Vijay Iyer is the face of modern jazz. Hardly any other musician of this genre has been more acclaimed in the media recently, or received more important prizes, than the 38-year-old. Iyer graced the headlines of numerous leading specialist magazines worldwide: Downbeat in the USA, Jazzwise in England, Jazzthetik and Jazzpodium in Germany, Concerto in Austria, and Musica Jazz in Italy. His ACT debut, “Historicity” which came out in autumn 2009 – Iyer’s first full album in the classic piano trio format and, at the same time, a profound redefinition of this genre – was named “Jazz Album of the Year” in the most important American daily newspapers: the New York Times, the Los Angeles Times, the Detroit Metro Times, and the Chicago Tribune, as well as on National Public Radio and PopMatters.com. The All Music Guide described “an unbelievable CD,” and it also triumphed in three important international critics polls: “Historicity” was named number one in the Downbeat poll, number two in the Jazz Times Poll after Joe Lovano, and number one in the Village Voice Jazz Critics Poll, beating Lovano and other American jazz stars such as Keith Jarrett. Recently, Iyer has also won Germany’s most important music prize – the ECHO Jazz for the “best international ensemble”. And finally he has received the prestigious American Jazz Journalists Association Jazz Award 2010 as “Musician Of The Year”.
The most surprising thing about this unrivalled success story is that Iyer didn’t make any compromises along the way. The New York pianist and composer concentrates fully on his own musical value system, and any rapprochement to pop or world music appears utterly on his own specific terms. The music of this autodidact pianist-composer has an unrivalled complexity and distinctiveness about it. It baffles, captivates and entices with its highly rigorous yet also seemingly effortless incorporation of very different influences into its sound world, This achievement also reveals a man of great musical wisdom, His academic background does not yield overly scholastic-sounding music; rather, his work displays great breadth, depth, and feeling.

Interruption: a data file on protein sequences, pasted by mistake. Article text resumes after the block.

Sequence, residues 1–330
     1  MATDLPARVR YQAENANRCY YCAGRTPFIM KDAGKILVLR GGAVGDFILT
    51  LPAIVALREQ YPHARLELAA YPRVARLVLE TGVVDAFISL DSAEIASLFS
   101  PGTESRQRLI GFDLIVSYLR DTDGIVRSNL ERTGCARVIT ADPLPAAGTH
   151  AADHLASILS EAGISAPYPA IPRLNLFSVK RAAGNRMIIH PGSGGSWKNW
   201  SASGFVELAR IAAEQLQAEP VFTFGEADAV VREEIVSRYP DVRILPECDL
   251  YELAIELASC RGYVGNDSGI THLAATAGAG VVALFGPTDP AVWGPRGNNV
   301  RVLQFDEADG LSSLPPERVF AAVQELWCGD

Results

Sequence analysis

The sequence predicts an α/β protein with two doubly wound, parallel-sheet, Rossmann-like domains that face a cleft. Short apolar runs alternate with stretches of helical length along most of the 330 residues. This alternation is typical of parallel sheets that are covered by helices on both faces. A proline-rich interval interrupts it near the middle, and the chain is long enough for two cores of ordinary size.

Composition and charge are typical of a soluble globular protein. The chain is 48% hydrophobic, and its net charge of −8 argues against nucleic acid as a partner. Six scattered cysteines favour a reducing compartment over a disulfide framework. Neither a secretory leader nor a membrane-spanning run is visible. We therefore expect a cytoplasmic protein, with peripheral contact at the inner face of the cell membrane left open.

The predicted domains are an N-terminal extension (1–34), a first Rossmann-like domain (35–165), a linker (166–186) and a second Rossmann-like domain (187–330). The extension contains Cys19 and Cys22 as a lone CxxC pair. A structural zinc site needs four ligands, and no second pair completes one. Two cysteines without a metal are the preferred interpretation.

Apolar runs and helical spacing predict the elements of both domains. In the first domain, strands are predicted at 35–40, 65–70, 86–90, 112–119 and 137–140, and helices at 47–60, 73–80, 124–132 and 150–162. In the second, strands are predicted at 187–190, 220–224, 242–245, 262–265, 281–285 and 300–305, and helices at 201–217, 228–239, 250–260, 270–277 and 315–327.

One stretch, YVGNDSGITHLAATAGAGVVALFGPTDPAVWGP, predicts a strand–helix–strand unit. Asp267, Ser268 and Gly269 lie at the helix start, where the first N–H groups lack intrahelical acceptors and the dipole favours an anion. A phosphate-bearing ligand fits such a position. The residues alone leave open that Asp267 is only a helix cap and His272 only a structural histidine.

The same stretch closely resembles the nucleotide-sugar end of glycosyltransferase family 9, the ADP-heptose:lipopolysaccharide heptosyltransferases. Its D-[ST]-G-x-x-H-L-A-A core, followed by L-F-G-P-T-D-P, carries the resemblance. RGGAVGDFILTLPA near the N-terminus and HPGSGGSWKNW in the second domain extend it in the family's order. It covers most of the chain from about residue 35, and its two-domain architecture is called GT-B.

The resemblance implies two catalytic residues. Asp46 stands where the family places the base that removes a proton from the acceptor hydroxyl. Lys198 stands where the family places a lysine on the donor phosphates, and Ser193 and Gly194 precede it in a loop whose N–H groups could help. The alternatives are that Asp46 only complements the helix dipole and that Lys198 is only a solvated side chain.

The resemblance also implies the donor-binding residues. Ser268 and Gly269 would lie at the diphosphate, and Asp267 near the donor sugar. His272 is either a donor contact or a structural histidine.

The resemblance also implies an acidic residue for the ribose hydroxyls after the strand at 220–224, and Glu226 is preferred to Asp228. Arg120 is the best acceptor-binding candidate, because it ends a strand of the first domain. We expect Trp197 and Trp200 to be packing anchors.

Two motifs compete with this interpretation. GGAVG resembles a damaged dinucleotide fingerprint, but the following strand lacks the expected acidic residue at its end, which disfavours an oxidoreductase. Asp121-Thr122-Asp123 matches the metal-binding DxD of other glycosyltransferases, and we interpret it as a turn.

This is impressively revealed anew in his second ACT album, simply called “Solo”, with which Iyer now enters the supreme discipline of jazz piano. It is his first solo album and, fittingly, he dedicates himself to serious reflection. After contemplating temporal and cultural contexts with “Historicity”, with “Solo” he now focuses on the self. “Autoscopy refers to a certain type of ’out-of-body experience’ in which you perceive your actions from outside of (usually above) your body. Playing music occasionally offers that experience. In a different sense, so does making a solo album.” Gesture, character, and disposition come together in this impression of one’s own actions (Iyer uses the term “Hexis,” which means disposition or stance) which conveys, visibly and audibly, the intent which precedes the action.
The disposition, Iyer’s expression, can not only be heard on every piece on the album but, in a magical way, can also be felt. As on “Historicity”, his playing is permeated by the jazz tradition, the technique, disposition and colours as purported beyond the musical notes by Thelonious Monk, Andrew Hill, Randy Weston, Cecil Taylor and Sun Ra (who Iyer also names in his liner notes). Yet these carefully observed influences are only the palette from which Iyer mixes his own new colours. He succeeds in doing this in a fascinating way right at the beginning – in an acknowledgement of one of his firt pop influences, “Human Nature”, the Michael Jackson song composed by Steve Porcaro, is harmonically and rhythmically reinterpreted by Iyer. Two Ellington adaptations are also phenomenal: Iyer revives “Black and Tan Fantasy” from the early Cotton Club period with Bubber Miley’s typical jungle sound almost in the original form in stride and ragtime guise before catapulting it to the modern day. In contrast, the late work “Fleurette Africaine”, provides the dazzling and historic key material for a musical study on origin, foreignness and identity, about mourning and pride – topics which Vijay Iyer, who is of Indian descent, has often examined.
The almost rapturous, nostalgically lingering embrace of standards (“Darn That Dream” is also on the album) perfectly complement Iyer’s own pieces, which are bursting with ideas and colours. Iyer’s spectrum ranges from lyrical to hard-driving (particularly “One For Blount”), from minimalistic to opulent, from consonant to atonal (dominant in “Autoscopy”) and all this is wondrously brought together into a harmonious relationship. “Solo“ is the most striking evidence: the most exciting, pioneering and intelligent sounds to currently come from the piano keys in jazz are associated with the name Vijay Iyer